With the rapid advancement in quantum computing, there is a lot of promising potential in areas like climate research, drug discovery, finance, and more. Unfolding the numerous benefits of this new technology requires a new research approach through simulation. Simulation allows researchers to develop and test quantum algorithms more quickly and at scales that are ordinarily impossible to achieve.
It is on this basis that NVIDIA has created the largest-ever simulation of a quantum algorithm for solving the MaxCut problem using cuQuantum, their SDK for accelerating quantum circuit simulations on a GPU.
In mathematics, MaxCut is often cited as an optimization problem that no known computer can solve efficiently. Building large computer networks, finding the optimal layout of chips with billions of silicon pathways, and the exploration of statistical physics is usually done with the use of MaxCut algorithm. MaxCut poses a major problem in quantum computing because of its role in demonstrating the importance of using quantum algorithms.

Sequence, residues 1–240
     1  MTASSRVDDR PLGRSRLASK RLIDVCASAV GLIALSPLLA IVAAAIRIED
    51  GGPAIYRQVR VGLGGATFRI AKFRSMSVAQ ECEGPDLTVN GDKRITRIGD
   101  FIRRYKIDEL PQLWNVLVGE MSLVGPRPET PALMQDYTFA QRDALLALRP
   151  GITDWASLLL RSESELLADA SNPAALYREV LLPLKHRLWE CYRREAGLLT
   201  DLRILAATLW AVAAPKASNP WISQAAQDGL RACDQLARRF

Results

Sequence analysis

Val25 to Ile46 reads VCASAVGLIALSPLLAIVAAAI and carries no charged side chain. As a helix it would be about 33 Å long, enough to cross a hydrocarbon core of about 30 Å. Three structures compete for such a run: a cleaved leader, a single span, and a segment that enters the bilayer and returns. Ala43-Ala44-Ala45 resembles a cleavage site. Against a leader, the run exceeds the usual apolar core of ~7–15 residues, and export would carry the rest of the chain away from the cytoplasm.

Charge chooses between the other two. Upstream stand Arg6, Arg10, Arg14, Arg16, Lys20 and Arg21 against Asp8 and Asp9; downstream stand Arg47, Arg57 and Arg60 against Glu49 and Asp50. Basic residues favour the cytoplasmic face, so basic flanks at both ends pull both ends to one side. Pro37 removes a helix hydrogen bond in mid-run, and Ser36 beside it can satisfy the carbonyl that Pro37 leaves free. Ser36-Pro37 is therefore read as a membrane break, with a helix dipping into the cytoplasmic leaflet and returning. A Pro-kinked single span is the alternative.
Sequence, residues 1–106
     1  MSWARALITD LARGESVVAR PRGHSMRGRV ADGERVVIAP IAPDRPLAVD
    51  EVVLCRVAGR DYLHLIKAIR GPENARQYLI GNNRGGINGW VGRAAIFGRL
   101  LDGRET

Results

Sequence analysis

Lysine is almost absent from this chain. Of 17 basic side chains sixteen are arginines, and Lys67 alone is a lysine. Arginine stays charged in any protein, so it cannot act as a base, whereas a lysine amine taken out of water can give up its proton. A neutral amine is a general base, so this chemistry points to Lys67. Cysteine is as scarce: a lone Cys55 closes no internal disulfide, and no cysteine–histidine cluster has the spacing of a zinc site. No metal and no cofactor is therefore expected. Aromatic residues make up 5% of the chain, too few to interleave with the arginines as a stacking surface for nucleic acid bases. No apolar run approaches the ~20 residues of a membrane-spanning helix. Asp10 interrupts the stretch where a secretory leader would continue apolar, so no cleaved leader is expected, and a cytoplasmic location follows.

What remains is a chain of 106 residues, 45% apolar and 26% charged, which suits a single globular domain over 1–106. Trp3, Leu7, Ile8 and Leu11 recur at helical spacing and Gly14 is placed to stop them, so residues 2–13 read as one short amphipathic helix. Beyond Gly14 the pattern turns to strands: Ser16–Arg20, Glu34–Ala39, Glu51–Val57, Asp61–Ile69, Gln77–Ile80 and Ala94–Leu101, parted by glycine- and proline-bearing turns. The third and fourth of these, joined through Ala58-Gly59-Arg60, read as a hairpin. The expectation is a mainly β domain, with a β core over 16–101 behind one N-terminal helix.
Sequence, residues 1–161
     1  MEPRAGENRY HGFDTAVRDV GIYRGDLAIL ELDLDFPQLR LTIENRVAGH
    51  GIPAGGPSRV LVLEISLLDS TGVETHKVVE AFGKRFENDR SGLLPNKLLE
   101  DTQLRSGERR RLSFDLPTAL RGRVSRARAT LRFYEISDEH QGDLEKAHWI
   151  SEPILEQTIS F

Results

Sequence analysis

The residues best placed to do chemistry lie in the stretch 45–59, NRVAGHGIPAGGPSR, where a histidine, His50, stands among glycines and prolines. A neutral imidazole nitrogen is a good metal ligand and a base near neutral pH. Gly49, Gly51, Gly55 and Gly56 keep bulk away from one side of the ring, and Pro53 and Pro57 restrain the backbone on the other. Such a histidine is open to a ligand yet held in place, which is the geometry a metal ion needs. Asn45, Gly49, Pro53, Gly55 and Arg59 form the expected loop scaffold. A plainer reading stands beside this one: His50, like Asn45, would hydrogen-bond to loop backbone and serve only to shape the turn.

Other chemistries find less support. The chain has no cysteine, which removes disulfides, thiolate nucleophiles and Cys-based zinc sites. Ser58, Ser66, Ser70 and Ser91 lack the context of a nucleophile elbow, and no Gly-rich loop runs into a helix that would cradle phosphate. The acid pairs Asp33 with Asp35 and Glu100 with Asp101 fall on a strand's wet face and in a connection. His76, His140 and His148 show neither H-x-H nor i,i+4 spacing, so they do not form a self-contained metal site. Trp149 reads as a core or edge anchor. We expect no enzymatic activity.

The team at NVIDIA achieved a major milestone in solving the MaxCut problem by simulating a quantum algorithm using the cuTensorNet library in cuQuantum running on NVIDIA’s in-house supercomputer, Selene. The team used 896 GPUs to simulate 1,688 qubits and solve a graph with a whopping 3,375 vertices which is 8x more qubits than previously known quantum simulations.
This achievement will open the floor for cuQuantum to be used on NVIDIA DGX systems in making quantum algorithms research at a scale that previously seemed impossible. This will accelerate and enhance the path to future quantum computers.
Keys to the Quantum World
cuStateVec – the first library from cuQuantum has been made available for download in public beta. NVIDIA has made it possible for anyone to test run this world-breaking software. The record-breaking cuTensorNet library will be made available for downloads in December. The cuTensorNet library uses tensor networks to simulate up to hundreds or even thousands of qubits on some promising near-term algorithms.